The office of the ABBYY company which provides optical character recognition, document capture and language software for PC and mobile devises. Source: Kommersant
For Russians like Georgy Pachikov who grew up in Soviet times, fixing broken-down machines was often a test of ingenuity and improvization - not to mention sheer determination. Back in 1989, when the whole country was literally grinding to a halt, he had a broken washing machine. As competent repairmen were then thin on the ground, Pachikov chose to fix it himself.
Working with a friend, he took it apart and reassembled it with success. The machine worked fine but there were five spare parts still on the floor.
“We had no idea what to do with them. The instructions were in French with no translation. Despite being trained engineers, we were at a loss,” Pachikov recalls.
It was then that he had the idea of creating animated three-dimensional repair manuals with detailed illustrations of all stages of the process, translated into several languages. That same year, he founded a company called Parallel Graphics. By 2010, Parallel Graphics’ turnover hit $5 million and it employed more than 800 staff.
Pachikov is by no means the only successful Russian software entrepreneur. His brother, Stepan Pachikov, developed Evernote, a popular note taking and archiving service in use around the world.
Software development and Russia may be natural partners.
“If we get an urge to solve a problem, we’ll get it done, come hell or high water,” says Artem Lyuftin of Moscow-based Mobile Research Group.
Russian companies are now world famous as developers of complex software solutions employing sophisticated algorithms. No field illustrates this more clearly than anti-virus software. Russia’s Dr. Web and Kaspersky Lab are world leaders in the field.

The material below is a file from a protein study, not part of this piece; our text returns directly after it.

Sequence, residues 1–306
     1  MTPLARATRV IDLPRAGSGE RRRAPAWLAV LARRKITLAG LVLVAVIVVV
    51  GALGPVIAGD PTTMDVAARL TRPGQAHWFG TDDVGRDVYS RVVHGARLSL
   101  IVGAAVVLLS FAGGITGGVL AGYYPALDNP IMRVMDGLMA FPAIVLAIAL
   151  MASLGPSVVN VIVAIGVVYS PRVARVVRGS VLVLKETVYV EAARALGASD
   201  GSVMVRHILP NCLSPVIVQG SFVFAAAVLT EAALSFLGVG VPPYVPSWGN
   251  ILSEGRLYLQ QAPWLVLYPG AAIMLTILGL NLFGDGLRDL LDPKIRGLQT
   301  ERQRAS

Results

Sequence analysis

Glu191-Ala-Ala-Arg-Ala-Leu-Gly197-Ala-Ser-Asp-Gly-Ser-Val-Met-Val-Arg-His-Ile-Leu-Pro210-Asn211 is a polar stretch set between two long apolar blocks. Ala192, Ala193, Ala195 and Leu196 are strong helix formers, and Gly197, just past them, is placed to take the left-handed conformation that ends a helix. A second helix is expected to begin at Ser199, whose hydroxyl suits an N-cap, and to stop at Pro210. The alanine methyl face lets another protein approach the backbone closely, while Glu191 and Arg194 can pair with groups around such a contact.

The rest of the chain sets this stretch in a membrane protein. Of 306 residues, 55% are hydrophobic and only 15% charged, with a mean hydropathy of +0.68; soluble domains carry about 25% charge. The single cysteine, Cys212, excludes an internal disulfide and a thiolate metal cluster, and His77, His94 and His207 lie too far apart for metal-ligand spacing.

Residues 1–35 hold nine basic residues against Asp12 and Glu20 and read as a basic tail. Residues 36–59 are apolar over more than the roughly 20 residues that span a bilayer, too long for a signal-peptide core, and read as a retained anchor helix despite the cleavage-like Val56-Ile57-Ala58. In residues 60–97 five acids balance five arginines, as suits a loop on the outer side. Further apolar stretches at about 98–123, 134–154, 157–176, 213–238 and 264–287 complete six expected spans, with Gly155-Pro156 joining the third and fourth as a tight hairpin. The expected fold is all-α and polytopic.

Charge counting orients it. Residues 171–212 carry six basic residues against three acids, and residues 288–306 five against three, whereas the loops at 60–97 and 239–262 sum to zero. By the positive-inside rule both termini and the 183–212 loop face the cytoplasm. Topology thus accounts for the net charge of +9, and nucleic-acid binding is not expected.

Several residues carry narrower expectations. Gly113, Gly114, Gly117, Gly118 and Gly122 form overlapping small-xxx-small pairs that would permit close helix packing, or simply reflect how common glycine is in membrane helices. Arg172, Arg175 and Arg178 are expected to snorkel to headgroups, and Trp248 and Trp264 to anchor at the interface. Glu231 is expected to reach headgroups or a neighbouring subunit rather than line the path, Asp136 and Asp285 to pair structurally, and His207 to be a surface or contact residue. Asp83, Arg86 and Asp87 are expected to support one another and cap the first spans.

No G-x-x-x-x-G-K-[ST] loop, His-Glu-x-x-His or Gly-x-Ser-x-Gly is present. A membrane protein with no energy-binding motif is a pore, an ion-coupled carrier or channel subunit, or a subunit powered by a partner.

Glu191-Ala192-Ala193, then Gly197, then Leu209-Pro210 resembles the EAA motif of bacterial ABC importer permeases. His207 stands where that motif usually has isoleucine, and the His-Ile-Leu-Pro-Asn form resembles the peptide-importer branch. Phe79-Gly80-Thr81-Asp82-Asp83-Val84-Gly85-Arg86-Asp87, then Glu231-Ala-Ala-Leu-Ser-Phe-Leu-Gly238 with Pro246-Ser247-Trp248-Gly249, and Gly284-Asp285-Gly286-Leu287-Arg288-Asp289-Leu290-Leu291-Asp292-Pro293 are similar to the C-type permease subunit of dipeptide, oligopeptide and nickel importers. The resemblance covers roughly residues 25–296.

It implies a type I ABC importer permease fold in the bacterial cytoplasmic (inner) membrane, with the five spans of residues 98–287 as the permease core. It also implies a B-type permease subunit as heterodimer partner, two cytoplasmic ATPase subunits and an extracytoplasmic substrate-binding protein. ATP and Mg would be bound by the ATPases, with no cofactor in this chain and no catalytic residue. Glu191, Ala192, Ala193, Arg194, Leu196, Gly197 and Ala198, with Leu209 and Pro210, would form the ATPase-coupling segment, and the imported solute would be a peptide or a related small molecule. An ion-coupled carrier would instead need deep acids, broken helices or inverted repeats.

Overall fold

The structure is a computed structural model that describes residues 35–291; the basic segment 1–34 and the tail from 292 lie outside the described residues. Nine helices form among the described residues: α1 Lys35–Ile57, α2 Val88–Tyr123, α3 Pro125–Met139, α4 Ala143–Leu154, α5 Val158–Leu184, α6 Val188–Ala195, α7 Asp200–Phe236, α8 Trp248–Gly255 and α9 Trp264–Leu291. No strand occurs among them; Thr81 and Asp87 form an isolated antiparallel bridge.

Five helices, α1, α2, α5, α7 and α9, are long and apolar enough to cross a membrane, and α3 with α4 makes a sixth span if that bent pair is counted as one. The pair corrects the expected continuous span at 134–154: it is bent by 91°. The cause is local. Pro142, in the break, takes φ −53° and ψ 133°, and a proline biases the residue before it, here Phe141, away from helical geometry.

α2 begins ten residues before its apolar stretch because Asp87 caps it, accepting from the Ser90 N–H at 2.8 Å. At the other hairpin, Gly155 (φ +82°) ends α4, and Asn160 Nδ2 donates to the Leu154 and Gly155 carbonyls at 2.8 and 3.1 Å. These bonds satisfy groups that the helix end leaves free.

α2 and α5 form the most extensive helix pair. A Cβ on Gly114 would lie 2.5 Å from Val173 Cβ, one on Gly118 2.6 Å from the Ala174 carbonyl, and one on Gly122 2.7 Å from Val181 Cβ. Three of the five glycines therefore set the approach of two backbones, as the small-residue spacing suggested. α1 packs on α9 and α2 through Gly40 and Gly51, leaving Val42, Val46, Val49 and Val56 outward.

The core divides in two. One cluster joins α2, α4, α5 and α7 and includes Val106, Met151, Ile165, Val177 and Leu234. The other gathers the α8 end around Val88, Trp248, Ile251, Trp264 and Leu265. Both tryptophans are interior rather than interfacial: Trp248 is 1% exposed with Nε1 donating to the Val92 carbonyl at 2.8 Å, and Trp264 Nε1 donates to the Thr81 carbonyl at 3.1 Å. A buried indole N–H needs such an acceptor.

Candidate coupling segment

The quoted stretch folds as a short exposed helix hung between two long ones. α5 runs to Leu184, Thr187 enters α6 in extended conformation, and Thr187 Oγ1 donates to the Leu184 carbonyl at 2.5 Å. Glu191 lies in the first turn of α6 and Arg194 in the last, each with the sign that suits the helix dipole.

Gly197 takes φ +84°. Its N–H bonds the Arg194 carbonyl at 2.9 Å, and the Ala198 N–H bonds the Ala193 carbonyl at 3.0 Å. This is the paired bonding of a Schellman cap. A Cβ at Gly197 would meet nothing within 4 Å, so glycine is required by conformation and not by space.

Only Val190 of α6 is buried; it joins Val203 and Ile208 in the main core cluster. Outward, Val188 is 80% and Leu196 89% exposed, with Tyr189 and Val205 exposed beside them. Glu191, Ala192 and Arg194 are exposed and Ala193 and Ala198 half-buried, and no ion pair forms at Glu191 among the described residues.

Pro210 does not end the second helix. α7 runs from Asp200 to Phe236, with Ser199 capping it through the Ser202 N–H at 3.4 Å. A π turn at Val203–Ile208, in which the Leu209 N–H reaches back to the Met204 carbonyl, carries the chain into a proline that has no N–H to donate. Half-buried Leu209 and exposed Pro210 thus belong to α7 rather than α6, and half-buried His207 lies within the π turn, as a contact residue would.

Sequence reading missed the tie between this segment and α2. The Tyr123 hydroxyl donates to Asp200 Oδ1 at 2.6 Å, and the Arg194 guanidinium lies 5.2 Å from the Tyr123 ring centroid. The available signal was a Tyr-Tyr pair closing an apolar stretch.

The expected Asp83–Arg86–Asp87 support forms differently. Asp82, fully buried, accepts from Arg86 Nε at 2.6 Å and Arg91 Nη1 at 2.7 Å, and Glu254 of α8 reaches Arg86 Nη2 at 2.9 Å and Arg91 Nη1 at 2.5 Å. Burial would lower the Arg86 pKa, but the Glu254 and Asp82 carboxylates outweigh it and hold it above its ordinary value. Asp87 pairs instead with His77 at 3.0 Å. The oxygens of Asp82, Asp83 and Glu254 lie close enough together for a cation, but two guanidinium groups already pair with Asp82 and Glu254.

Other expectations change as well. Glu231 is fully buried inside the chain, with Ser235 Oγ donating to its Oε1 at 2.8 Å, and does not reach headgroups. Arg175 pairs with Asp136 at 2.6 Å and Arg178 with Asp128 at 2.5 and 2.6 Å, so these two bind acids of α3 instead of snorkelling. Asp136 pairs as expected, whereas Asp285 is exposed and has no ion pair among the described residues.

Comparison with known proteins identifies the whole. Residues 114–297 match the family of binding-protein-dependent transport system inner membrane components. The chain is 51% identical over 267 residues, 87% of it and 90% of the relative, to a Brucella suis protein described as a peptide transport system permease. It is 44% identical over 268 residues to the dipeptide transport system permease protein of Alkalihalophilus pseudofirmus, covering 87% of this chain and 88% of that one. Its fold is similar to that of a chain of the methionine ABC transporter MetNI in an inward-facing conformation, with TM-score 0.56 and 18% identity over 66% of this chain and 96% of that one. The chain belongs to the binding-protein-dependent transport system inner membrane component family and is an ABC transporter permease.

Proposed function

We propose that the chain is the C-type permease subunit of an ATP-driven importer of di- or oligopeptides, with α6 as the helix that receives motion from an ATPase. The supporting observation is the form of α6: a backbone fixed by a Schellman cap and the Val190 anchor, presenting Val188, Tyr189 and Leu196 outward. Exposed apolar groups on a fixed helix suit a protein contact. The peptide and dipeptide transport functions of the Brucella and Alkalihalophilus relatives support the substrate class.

The latter was founded in 1997 by Eugene Kaspersky, a graduate of the KGB Institute of Cryptography. Kaspersky Lab produced revenues of over $600 million in 2011 and it employs more than 2,500 people.
A different breed of algorithm is offered by ABBYY, a Russian company that developed the inimitable optical character recognition software FineReader. The first version of FineReader was released in late 1993. Today, the program supports about 190 languages and the company’s annual proceeds are estimated at over $100 million.
Among the less well-known but no less noteworthy companies are CBOSS (automation systems for the telecommunications industry), Paragon Software (hard disk tools), PROMT (translation), DocsVision (document workflow software), and Spirit Dsp (software for voice, video and other data), all offering products and services in global use.
One market where Russian IT firms have enjoyed particular success is computer games. It was Russian Alexei Pajitnov who first developed Tetris, one of the most popular computer games ever. The fifth installment of the popular “Heroes of Might and Magic” was developed by Russia’s Nival Interactive with French copyright owner Ubisoft. It sold more than 2 million licensed hard copies worldwide.
Another Russian game developer, ZepoLab, also tasted success with “Cut The Rope” in 2010. The concept was simple: feed a green creature by cutting ropes that hold sugar candy. If successful, the candy flies right into the creature’s jaws. The falling candies follow the laws of physics.
The app became extremely popular with smartphone and tablet users, with the game being downloaded more than 100 million times and earning more than $85 million. It is now the world’s second most popular game for mobile devices after Finnish developer Rovio’s “Angry Birds.”
The strength of Russian firms comes down to their ability to create imaginative algorithms.
“Solving complex tasks, in-depth analysis of large data volumes, designing algorithms - these are areas of the IT market where Russia can compete internationally,” says Alexander Galitsky, founder of the fund Almaz Capital Partners.
“This is because the country provides world-class education in the field of mathematics and physics, which can be used to solve the most complex software development problems. Programmers in India and South Korea are also pretty nifty, but if you’ve got a task no one is willing to tackle, or you don’t yet have a clear concept of the finished article, then ‘Welcome to Russia!’” says Alexander Vovkula, technical director of Parallel Graphics.
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